Escalating Clopidogrel by Involving a Genetic Strategy–Thrombolysis In Myocardial Infarction 56 - ELEVATE-TIMI 56

Description:

The goal of the trial was to evaluate a strategy of tailored clopidogrel therapy by genotyping for CYP2C19*2 among patients with stable cardiovascular disease.

Hypothesis:

Administration of higher doses of clopidogrel according to CYP2C19*2 genotype will reduce platelet reactivity.

Study Design

  • Randomized
  • Blinded
  • Parallel
  • Stratified

Patient Populations:

  • Patients with clinically stable cardiovascular disease with an indication for daily clopidogrel (prior myocardial infarction and/or percutaneous coronary intervention within the last 4 weeks to 6 months)

    Number of enrollees: 333
    Mean patient age: 60 years
    Percentage female: 25%

Exclusions:

  • Use of anticoagulation therapy
  • Use of proton pump inhibitors
  • Current smoking
  • Prior stent thrombosis
  • Increased risk for bleeding
  • End-stage renal or liver disease
  • Procedure or hospitalization planned within the next 12 weeks

Primary Endpoints:

  • On-treatment VASP PRI and PRU

Drug/Procedures Used:

Patients with stable cardiovascular disease had blinded genotyping performed for CYP2C19*2. Carriers were treated with clopidogrel 75 mg, 150 mg, 225 mg, and 300 mg daily for 14 days each (in various sequences), whereas noncarriers were treated with clopidogrel 75 mg, and 150 mg daily for 14 days each (two periods for each dose).

Principal Findings:

Overall, 333 patients were enrolled. The mean age was 60 years, 25% were women, 35% had diabetes, 57% had prior myocardial infarction, mean body mass index was 31 kg/m2, and mean blood pressure was 127/76 mm Hg.

Vasodilator-stimulated phosphoprotein platelet reactivity index (VASP PRI) among noncarriers (p for trend < 0.001):
58% with clopidogrel 75 mg
47% with clopidogrel 150 mg

VASP PRI among CPY2C19*2 heterozygote carriers (p for trend < 0.001):
70% with clopidogrel 75 mg
61% with clopidogrel 150 mg
53% with clopidogrel 225 mg
49% with clopidogrel 300 mg

VASP PRI among CPY2C19*2 homozygote carriers (p for trend = 0.003):
87% with clopidogrel 75 mg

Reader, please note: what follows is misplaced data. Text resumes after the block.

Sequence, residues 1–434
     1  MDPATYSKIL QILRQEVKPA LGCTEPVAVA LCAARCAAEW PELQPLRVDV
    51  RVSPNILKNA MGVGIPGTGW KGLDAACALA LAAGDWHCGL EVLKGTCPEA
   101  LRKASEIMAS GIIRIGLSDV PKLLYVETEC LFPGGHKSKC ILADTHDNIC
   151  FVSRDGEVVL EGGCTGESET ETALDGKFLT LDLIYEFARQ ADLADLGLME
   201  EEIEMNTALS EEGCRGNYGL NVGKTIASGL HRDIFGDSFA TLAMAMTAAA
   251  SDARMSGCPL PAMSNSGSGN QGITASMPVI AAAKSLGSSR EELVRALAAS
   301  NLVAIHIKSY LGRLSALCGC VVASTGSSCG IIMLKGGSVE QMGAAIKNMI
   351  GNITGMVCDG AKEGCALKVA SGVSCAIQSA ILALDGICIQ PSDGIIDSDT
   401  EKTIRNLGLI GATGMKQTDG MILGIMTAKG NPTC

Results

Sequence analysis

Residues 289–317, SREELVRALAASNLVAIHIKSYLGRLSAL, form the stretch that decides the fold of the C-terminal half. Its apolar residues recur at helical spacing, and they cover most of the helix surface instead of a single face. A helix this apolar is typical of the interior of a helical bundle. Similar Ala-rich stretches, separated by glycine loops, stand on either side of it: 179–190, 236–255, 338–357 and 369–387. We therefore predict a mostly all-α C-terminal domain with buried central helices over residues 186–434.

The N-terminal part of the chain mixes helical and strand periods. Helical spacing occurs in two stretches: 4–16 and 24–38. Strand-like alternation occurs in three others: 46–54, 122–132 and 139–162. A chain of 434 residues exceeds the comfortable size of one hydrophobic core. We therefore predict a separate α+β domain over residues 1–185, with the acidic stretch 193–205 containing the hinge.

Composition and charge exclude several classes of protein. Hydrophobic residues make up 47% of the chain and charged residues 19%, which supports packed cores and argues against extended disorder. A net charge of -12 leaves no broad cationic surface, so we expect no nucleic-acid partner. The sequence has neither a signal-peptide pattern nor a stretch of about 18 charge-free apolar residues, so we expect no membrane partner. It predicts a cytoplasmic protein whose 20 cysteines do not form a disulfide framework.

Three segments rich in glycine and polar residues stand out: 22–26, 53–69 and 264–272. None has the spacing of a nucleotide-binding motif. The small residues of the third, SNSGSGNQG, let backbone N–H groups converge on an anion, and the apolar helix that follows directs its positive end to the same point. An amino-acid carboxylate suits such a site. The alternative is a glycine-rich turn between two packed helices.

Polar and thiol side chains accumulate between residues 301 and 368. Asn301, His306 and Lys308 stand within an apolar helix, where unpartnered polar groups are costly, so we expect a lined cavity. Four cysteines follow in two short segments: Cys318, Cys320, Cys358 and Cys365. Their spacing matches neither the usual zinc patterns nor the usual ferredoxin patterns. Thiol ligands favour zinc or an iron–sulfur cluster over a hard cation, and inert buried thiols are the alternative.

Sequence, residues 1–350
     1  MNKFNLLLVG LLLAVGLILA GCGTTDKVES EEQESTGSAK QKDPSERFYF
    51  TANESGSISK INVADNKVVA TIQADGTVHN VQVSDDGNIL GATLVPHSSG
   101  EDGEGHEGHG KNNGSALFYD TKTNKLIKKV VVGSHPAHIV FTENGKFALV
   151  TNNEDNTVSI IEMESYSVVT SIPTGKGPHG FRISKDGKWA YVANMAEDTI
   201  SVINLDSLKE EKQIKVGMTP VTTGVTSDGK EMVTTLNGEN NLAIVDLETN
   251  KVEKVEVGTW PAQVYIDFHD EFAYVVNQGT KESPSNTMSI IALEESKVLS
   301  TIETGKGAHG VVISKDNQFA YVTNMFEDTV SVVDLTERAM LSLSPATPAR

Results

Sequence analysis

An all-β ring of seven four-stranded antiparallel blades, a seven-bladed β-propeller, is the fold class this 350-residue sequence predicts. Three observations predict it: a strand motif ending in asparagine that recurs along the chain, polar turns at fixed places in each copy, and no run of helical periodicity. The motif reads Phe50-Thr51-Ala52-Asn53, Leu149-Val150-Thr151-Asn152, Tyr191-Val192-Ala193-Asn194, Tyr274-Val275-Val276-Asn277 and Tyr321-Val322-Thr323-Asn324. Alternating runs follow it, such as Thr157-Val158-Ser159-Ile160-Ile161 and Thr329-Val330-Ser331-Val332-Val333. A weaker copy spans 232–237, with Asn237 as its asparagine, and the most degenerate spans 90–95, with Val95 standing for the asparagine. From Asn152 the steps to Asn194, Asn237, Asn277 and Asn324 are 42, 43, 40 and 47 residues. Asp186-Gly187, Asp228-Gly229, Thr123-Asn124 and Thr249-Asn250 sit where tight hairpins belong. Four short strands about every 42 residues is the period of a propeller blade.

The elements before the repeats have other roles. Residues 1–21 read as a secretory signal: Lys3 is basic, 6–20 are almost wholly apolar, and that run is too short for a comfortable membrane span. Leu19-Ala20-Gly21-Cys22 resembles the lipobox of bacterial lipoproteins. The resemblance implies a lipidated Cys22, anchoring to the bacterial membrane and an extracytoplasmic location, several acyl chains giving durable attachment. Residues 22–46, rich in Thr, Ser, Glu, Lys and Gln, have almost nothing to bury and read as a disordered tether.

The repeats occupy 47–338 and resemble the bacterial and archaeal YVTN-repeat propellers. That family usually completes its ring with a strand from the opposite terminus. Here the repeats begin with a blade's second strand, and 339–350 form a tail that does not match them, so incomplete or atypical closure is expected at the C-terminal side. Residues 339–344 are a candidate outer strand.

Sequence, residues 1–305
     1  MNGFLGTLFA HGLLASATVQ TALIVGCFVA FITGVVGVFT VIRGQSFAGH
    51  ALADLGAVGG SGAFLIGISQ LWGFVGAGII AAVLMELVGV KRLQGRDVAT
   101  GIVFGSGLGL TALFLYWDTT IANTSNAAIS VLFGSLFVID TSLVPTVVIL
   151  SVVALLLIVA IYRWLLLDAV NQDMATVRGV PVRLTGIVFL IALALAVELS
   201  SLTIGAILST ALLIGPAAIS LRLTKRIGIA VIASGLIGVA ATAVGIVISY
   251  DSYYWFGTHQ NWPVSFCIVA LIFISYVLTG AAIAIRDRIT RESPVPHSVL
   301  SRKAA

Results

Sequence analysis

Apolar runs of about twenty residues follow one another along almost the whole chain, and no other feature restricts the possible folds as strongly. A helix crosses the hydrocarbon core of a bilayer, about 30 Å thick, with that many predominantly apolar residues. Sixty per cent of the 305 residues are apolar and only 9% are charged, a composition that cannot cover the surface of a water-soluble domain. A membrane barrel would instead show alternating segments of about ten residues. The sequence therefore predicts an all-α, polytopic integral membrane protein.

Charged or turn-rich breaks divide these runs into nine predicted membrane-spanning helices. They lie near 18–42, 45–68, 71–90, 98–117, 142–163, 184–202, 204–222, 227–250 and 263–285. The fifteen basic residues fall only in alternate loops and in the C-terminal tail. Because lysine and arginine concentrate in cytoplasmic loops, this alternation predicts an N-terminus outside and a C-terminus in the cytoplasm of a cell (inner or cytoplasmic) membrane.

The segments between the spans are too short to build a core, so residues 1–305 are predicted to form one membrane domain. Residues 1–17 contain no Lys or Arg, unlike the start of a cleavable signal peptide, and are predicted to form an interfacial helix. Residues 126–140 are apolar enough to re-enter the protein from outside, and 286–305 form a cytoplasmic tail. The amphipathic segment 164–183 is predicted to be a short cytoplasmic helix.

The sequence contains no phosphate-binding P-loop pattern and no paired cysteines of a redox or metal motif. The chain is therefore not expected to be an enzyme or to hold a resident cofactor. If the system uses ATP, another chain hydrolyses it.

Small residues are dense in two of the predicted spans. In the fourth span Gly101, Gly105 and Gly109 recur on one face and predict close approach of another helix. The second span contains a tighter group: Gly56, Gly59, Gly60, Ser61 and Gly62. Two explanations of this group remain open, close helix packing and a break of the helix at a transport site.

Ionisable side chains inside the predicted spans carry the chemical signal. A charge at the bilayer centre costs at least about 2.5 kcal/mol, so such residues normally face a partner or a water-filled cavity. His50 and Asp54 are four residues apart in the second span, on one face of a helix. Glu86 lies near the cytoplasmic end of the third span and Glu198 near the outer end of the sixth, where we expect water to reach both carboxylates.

79% with clopidogrel 150 mg
73% with clopidogrel 225 mg
68% with clopidogrel 300 mg

Nonresponse to clopidogrel 75 mg daily (P2Y12 reactivity unit [PRU] ≥230): 23% among noncarriers, 52% among CYP2C19*2 heterozygotes, and 80% among CYP2C19*2 homozygotes.

PRU among noncarriers (p for trend < 0.001):
164 with clopidogrel 75 mg
127 with clopidogrel 150 mg

PRU among CPY2C19*2 heterozygote carriers (p for trend < 0.001):
226 with clopidogrel 75 mg
188 with clopidogrel 150 mg
153 with clopidogrel 225 mg
128 with clopidogrel 300 mg

PRU among CPY2C19*2 homozygote carriers (p for trend = 0.32):
329 with clopidogrel 75 mg
310 with clopidogrel 150 mg
286 with clopidogrel 225 mg
287 with clopidogrel 300 mg

Interpretation:

Among patients with stable cardiovascular disease, carriers of CYP2C19*2 had higher platelet reactivity to clopidogrel 75 mg daily than noncarriers. In heterozygotes, increasing clopidogrel to 225 mg daily resulted in a similar degree of platelet reactivity as noncarriers with clopidogrel 75 mg daily. On the other hand, homozygotes retained a high degree of platelet reactivity, even with clopidogrel 300 mg daily.

The role of genetic testing in patients with cardiovascular disease who are treated with clopidogrel is currently unclear since antiplatelet therapy can be directly tailored to platelet reactivity (for example, VASP PRI or PRU). Such a strategy was tested in the GRAVITAS trial; however, extra higher loading dose (clopidogrel 600 mg) and higher maintenance dose (clopidogrel 150 mg daily) was not effective at reducing adverse cardiovascular events. In that trial, it is unknown if an even higher daily dose of clopidogrel or a newer adenosine diphosphate (ADP) receptor antagonist would have resulted in different results.

References:

Mega JL, Hochholzer W, Frelinger AL III, et al. Dosing Clopidogrel Based on CYP2C19 Genotype and the Effect on Platelet Reactivity in Patients With Stable Cardiovascular Disease. JAMA 2011;306:2221-8.

Presented by Dr. Jessica Mega at the American Heart Association Scientific Sessions, Orlando, FL, November 16, 2011.

Clinical Topics: Invasive Cardiovascular Angiography and Intervention

Keywords: Myocardial Infarction, Body Mass Index, Platelet Aggregation Inhibitors, Blood Pressure, Ticlopidine, Blood Platelets, Genetic Testing, Genotype, Diabetes Mellitus, Vasodilator Agents, Percutaneous Coronary Intervention


< Back to Listings